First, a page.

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At The Saturday Club
by [?]


THIS is our place of meeting; opposite
That towered and pillared building: look at it;
King’s Chapel in the Second George’s day,
Rebellion stole its regal name away,–
Stone Chapel sounded better; but at last
The poisoned name of our provincial past
Had lost its ancient venom; then once more
Stone Chapel was King’s Chapel as before.
(So let rechristened North Street, when it can,
Bring back the days of Marlborough and Queen Anne!)
Next the old church your wandering eye will meet–
A granite pile that stares upon the street–
Our civic temple; slanderous tongues have said
Its shape was modelled from St. Botolph’s head,
Lofty, but narrow; jealous passers-by
Say Boston always held her head too high.
Turn half-way round, and let your look survey
The white facade that gleams across the way,–
The many-windowed building, tall and wide,
The palace-inn that shows its northern side
In grateful shadow when the sunbeams beat
The granite wall in summer’s scorching heat.
This is the place; whether its name you spell
Tavern, or caravansera, or hotel.
Would I could steal its echoes! you should find
Such store of vanished pleasures brought to mind
Such feasts! the laughs of many a jocund hour
That shook the mortar from King George’s tower;
Such guests! What famous names its record boasts,
Whose owners wander in the mob of ghosts!
Such stories! Every beam and plank is filled
With juicy wit the joyous talkers spilled,
Ready to ooze, as once the mountain pine
The floors are laid with oozed its turpentine!

A month had flitted since The Club had met;
The day came round; I found the table set,
The waiters lounging round the marble stairs,
Empty as yet the double row of chairs.
I was a full half hour before the rest,
Alone, the banquet-chamber’s single guest.
So from the table’s side a chair I took,
And having neither company nor book
To keep me waking, by degrees there crept
A torpor over me,–in short, I slept.

Loosed from its chain, along the wreck-strown track
Of the dead years my soul goes travelling back;
My ghosts take on their robes of flesh; it seems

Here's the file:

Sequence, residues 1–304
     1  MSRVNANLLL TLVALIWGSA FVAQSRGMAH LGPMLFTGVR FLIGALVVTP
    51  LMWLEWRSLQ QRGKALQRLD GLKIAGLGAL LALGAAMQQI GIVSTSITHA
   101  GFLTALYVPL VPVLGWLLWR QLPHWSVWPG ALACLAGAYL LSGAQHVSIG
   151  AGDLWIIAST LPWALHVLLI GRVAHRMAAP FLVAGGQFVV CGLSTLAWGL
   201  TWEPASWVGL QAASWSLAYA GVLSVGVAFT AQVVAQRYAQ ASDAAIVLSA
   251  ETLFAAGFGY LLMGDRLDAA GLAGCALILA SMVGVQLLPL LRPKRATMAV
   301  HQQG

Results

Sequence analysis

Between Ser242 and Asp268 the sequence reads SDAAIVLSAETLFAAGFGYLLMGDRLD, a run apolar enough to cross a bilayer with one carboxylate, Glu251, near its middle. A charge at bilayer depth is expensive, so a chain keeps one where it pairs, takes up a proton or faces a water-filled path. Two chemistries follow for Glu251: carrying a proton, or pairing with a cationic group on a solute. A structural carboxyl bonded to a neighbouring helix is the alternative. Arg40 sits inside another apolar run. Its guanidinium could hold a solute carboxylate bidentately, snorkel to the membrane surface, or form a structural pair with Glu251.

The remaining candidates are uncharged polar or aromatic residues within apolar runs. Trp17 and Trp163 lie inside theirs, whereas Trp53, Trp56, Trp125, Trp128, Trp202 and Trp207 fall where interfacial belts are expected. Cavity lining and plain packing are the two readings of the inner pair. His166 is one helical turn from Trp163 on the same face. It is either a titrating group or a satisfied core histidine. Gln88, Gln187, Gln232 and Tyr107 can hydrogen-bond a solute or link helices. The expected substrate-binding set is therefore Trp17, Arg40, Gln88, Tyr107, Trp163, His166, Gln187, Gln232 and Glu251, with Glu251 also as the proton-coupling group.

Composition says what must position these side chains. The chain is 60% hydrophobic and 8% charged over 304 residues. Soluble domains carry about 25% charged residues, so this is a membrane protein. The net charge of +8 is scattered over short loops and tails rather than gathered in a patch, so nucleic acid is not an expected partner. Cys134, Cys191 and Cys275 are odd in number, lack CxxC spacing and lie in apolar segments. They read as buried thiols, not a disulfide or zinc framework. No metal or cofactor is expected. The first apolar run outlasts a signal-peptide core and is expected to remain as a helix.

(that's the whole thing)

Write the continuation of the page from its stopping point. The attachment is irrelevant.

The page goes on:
Dreaming is life; nay, life less life than dreams,
So real are the shapes that meet my eyes.
They bring no sense of wonder, no surprise,
No hint of other than an earth-born source;
All seems plain daylight, everything of course.

How dim the colors are, how poor and faint
This palette of weak words with which I paint!
Here sit my friends; if I could fix them so
As to my eyes they seem, my page would glow
Like a queen’s missal, warm as if the brush
Of Titian or Velasquez brought the flush
Of life into their features. Ay de mi!
If syllables were pigments, you should see
Such breathing portraitures as never man
Found in the Pitti or the Vatican.

Here sits our POET, Laureate, if you will.
Long has he worn the wreath, and wears it still.
Dead? Nay, not so; and yet they say his bust
Looks down on marbles covering royal dust,
Kings by the Grace of God, or Nature’s grace;
Dead! No! Alive! I see him in his place,
Full-featured, with the bloom that heaven denies
Her children, pinched by cold New England skies,
Too often, while the nursery’s happier few
Win from a summer cloud its roseate hue.
Kind, soft-voiced, gentle, in his eye there shines
The ray serene that filled Evangeline’s.
Modest he seems, not shy; content to wait
Amid the noisy clamor of debate
The looked-for moment when a peaceful word
Smooths the rough ripples louder tongues have stirred.
In every tone I mark his tender grace
And all his poems hinted in his face;
What tranquil joy his friendly presence gives!
How could. I think him dead? He lives! He lives!